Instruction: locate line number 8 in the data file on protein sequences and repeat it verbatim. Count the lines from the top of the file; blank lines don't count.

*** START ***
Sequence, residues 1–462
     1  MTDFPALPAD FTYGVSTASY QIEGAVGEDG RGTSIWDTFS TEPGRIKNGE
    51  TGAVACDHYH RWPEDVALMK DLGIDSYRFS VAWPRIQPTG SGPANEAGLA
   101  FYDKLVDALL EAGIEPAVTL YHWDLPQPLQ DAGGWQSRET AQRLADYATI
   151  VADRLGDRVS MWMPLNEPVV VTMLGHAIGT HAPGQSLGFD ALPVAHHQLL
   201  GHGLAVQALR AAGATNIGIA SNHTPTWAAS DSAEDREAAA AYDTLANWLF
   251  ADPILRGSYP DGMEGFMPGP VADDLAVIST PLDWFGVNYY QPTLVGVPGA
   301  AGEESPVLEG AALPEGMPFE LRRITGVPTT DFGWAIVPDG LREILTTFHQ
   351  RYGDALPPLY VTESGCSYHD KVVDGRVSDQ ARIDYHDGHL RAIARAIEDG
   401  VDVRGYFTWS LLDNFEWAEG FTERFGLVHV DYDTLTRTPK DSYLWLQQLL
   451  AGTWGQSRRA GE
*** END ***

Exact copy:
   301  AGEESPVLEG AALPEGMPFE LRRITGVPTT DFGWAIVPDG LREILTTFHQ